If the spouses feel that the statutory property regime - community of accrued gains - is not suitable for their marriage, they may enter into a notarial marriage contract. In that contract they can agree on separation of property or community of property, or make arrangements other than the statutory ones within a specific property regime. The contract may also specify arrangements on pension splitting or maintenance.
When entering into a marriage contract, however, care should be taken that the arrangements provided for are actually valid. For example, if a marriage contract unilaterally disadvantages one of the spouses and certain other circumstances are present, it may be considered contrary to accepted principles of morality and therefore null and void. In that case, the statutory regulations which are theoretically excluded by the marriage contract continue to apply. Case law in this area is very diverse. Whether an arrangement is really contrary to accepted principles of morality and therefore null and void, or whether it must be adjusted, can ultimately be decided only on a case-by-case basis.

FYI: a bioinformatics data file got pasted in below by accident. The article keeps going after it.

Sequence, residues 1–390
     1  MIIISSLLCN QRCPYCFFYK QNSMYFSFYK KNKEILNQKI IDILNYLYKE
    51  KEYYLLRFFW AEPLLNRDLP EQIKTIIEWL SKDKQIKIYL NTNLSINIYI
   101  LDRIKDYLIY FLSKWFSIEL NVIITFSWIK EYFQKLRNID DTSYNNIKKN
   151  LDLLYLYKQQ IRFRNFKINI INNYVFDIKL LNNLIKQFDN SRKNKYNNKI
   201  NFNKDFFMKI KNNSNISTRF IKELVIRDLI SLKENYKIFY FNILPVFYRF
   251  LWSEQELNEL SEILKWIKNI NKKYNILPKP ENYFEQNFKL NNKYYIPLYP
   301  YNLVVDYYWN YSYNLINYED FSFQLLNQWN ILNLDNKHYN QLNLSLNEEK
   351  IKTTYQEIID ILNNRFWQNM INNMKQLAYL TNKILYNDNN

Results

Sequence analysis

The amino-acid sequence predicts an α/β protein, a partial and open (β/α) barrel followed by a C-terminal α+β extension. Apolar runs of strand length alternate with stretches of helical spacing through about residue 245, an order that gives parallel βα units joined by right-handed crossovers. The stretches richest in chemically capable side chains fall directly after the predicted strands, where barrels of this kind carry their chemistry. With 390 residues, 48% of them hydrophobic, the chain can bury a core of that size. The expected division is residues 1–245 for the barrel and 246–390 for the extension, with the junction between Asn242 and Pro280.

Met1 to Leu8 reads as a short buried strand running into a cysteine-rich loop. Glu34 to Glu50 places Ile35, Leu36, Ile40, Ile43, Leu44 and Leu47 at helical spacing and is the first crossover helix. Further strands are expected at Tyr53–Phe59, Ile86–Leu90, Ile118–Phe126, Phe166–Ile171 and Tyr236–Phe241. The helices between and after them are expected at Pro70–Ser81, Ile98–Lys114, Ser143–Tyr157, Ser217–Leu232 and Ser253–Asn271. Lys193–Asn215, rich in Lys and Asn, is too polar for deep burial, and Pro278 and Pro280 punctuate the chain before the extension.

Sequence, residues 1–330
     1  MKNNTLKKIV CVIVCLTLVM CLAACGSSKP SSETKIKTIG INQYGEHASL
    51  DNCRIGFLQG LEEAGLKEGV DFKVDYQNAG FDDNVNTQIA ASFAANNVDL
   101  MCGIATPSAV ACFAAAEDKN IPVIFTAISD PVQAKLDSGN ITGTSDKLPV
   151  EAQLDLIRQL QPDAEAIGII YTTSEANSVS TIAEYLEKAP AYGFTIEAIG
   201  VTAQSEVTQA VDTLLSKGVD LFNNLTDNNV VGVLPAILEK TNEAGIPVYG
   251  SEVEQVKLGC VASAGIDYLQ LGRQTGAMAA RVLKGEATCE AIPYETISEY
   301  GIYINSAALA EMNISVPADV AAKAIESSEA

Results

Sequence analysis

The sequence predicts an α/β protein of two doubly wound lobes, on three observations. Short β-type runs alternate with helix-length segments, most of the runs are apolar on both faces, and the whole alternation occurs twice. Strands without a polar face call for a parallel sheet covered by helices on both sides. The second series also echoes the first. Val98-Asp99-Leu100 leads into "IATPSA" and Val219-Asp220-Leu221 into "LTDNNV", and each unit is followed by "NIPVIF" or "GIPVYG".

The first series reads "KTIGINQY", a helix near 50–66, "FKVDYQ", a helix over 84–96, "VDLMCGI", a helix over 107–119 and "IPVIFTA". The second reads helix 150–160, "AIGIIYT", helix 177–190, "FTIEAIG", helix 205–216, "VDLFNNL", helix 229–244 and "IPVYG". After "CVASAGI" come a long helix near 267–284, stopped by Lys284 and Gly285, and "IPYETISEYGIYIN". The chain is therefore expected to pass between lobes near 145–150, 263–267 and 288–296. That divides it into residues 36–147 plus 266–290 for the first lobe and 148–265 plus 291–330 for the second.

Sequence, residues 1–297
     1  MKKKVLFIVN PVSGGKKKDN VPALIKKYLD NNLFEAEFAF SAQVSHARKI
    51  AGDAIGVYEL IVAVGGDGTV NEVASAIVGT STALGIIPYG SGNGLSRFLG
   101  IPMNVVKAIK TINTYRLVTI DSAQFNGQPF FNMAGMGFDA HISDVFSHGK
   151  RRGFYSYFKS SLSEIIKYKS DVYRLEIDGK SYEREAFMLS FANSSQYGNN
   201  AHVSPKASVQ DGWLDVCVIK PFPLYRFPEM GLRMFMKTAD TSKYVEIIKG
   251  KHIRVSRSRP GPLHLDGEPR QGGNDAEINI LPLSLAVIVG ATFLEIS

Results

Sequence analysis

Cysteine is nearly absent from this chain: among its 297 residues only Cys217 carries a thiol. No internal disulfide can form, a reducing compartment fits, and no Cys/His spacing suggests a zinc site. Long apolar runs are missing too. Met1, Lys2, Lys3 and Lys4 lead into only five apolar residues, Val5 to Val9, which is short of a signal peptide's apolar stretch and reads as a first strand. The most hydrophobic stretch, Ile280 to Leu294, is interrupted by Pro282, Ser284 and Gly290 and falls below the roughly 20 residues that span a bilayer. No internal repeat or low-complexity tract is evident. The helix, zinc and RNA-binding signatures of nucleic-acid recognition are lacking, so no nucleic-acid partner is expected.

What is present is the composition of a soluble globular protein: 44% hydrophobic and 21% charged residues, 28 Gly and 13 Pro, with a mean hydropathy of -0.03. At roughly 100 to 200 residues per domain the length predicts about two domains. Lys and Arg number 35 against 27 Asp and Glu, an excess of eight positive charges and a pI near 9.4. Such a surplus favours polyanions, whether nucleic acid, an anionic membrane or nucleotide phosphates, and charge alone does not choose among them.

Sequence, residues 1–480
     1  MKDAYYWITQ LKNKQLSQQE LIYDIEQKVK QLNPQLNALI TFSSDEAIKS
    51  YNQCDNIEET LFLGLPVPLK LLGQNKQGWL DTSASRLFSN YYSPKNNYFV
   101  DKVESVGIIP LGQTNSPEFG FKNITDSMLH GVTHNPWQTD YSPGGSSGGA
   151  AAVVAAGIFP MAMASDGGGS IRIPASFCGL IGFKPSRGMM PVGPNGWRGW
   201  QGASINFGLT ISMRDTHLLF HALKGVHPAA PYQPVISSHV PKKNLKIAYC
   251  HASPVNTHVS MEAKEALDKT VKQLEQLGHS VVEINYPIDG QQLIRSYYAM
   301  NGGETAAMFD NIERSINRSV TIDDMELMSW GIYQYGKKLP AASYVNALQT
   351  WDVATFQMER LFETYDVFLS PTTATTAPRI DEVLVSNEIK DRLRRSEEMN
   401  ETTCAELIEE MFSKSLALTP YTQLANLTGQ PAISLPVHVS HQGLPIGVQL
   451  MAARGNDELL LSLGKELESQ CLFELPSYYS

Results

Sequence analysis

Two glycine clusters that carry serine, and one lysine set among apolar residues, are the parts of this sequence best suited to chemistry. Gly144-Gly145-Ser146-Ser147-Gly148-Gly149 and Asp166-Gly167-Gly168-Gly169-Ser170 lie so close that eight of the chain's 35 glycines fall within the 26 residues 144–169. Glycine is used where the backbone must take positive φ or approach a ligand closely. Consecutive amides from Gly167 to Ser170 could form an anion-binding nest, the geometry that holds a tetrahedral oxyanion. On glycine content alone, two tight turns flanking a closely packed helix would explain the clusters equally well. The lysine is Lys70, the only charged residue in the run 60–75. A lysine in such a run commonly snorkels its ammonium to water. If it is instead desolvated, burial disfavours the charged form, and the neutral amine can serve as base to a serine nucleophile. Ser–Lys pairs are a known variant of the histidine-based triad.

Under the statutory property regime - community of accrued gains - equalisation of the accrued gains takes place if the property regime is ended (e.g. by the death of one of the spouses, by divorce or by contractual agreement on a different property regime). The equalisation of the accrued gains means that the spouse who, during the marriage, acquired more assets than the other one, has to compensate that spouse by half of the difference in accrued gains in the form of a cash payment.